Data breaches occur virtually on a daily basis. Cybercriminals are making enormous sums of money by selling breached data, information, or intellectual property on the dark web or in the gray or black markets. It’s a multi-billion-dollar industry run by hacking operations often sponsored by nation-states, criminal organizations, or radical political groups.
Nation-state sponsored cyber-spies make it their full-time job to penetrate government, corporate, and infrastructure systems to gain control over those systems or collect intelligence to progress their own agendas. It’s modern day espionage, but instead of inserting agents on the ground, intelligence and technology are compromised and accessed remotely from anywhere in the world.
Malware secretly installed on your computer can surreptitiously monitor your activity and steal your keystrokes, sending criminals your bank account and credit card login credentials, account numbers, social security number, or any other kind of sensitive information you might otherwise transmit to an online destination.
Another type of malware can hijack your computer’s CPU time and internet bandwidth to add your machine to a huge network of data mining systems that generate bitcoins and other cyber-currency variants. The only ones making money off of this is the criminals—and you’re paying for it!
If you or your company has a website or online business, statistics show that more than half of the traffic hitting your server is probably coming from some sort of cyber-bot or hack attempt. WordPress is a popular web application platform. Wordfence™, a premium security firewall for WordPress, is active on over 2-million WordPress powered sites and stops over 3.5M cyberattacks daily world-wide. Wordfence™ blocks over 1,500 attacks every month on this author’s online business site.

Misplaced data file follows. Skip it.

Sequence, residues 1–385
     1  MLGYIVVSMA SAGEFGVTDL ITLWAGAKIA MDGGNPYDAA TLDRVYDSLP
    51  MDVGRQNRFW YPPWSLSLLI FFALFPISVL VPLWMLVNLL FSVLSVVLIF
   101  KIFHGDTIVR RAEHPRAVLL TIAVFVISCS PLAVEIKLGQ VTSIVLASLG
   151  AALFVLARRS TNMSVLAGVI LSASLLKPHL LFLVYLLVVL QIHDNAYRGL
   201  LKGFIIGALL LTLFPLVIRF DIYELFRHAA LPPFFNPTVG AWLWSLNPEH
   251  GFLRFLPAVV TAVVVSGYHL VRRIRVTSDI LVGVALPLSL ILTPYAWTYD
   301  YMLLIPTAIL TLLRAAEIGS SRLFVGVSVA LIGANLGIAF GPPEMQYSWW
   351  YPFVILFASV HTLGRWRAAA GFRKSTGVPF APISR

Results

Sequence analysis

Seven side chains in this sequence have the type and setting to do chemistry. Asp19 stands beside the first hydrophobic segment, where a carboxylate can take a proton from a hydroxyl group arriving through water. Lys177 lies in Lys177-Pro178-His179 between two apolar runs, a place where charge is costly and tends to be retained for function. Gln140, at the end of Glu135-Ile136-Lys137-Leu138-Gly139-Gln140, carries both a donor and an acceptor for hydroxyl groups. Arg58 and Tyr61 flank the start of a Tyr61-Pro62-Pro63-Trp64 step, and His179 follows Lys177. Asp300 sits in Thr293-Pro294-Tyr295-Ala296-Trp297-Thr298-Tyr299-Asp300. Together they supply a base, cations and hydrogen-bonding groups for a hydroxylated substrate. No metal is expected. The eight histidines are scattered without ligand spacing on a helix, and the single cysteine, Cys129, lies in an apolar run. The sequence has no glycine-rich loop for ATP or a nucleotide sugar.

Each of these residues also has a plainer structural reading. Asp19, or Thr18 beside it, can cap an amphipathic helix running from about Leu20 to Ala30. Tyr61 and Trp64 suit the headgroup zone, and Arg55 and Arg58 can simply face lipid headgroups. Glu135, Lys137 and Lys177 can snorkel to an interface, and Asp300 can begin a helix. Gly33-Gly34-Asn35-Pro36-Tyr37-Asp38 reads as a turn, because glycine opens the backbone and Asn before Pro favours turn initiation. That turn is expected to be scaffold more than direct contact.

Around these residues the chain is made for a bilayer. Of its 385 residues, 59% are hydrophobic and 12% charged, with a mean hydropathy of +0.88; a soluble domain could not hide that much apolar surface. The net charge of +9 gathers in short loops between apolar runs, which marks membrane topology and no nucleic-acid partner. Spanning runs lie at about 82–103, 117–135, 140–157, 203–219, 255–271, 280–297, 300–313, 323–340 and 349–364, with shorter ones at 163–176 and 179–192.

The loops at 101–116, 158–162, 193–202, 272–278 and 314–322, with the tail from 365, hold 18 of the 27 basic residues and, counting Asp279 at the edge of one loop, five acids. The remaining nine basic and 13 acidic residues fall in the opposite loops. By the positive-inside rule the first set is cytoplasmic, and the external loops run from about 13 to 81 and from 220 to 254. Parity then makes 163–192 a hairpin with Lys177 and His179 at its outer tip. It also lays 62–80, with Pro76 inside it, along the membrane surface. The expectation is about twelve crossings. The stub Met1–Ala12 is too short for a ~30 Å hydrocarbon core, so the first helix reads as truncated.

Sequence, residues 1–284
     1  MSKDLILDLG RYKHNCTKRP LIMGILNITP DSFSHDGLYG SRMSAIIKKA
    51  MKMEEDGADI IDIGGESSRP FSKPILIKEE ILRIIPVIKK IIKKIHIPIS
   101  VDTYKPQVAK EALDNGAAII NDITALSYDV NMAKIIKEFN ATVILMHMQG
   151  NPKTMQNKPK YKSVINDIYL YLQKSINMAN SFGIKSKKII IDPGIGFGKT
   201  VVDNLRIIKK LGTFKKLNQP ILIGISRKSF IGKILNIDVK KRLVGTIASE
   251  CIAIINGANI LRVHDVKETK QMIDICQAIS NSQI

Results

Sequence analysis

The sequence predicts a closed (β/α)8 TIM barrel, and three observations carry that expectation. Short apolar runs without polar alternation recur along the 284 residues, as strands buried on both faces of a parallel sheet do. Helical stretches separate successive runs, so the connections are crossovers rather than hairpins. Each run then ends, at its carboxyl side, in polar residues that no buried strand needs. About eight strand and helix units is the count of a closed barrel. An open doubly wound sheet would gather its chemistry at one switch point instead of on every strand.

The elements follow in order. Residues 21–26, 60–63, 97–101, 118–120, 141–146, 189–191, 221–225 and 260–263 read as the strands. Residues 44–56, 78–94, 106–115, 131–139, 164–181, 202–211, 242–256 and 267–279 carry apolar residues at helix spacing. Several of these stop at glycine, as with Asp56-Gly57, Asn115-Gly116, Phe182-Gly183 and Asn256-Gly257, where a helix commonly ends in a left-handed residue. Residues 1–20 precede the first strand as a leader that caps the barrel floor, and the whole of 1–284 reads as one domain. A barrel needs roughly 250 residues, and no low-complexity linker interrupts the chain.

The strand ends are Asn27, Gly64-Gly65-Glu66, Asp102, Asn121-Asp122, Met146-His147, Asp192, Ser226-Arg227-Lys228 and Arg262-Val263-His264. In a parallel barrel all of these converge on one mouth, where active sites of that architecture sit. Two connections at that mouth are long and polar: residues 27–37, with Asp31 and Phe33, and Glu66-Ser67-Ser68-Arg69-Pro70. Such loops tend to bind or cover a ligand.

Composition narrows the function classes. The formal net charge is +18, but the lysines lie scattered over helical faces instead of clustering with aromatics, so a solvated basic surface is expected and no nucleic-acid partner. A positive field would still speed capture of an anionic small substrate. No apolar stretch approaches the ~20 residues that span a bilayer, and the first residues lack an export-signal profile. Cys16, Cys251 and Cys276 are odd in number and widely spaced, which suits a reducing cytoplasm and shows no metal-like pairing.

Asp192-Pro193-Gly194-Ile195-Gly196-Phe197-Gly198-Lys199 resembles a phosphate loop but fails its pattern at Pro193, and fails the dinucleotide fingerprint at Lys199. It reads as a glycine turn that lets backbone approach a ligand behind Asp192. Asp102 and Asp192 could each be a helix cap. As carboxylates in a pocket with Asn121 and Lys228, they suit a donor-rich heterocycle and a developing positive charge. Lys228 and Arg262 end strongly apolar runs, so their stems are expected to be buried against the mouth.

The chances are good that if you’ve ever had an online account with any major retailer, credit card company, business, etc., there is some bit of information about you that can be found circulating on the dark web.
Top 10 Data Breaches of the 21st Century
Here is a list of the top 10 data breaches of the 21st century as compiled by CSOonline:
Adult Friend Finder
Heartland Payment Systems
TJX Companies, Inc.
JP Morgan Chase
US Office of Personnel Management (OPM)
Hackers, said to be from China, were inside the OPM system starting in 2012, but were not detected until March 20, 2014. A second hacker, or group, gained access to OPM through a third-party contractor in May 2014, but was not discovered until nearly a year later. The intruders exfiltrated personal data—including in many cases detailed security clearance information and fingerprint data.
For details, see the House Committee on Oversight and Government Reform report: “The OPM Data Breach: How the Government Jeopardized Our National Security for More than a Generation.”
According to the United Nations, the world population as of July 2018 stands at 7.6 billion. These 10 breaches represent over 4.2 billion compromised accounts. I know we’re comparing apples and oranges right now, but if we could correlate a one-to-one relationship between breached accounts and an individual, 56% of all people have had their online identities compromised. That’s a whole lot of cybercrime!
And these are just a handful of the breaches we know about so far. The breach list goes on and on and includes some major players like Sony's PlayStation Network, Anthem Blue Cross, RSA Security, Stuxnet, Verisign, Home Depot, Adobe, Experian, and many, many others. Some of these companies actually provide components for Cybersecurity implementations and they couldn’t even protect themselves. Think about how many breaches there may be that haven’t been discovered yet.
Stuxnet is a little different. It is not a company, but is in fact malware in and of itself. Discovered in 2010, it is a computer worm capable of transferring itself from device to device once it has penetrated a network. As far as can be determined, it was meant to attack Iran's nuclear power program, but it also serves as a template for real-world intrusion and service disruption of power grids, water supplies, or public transportation systems—aka the Internet of Things (IoT).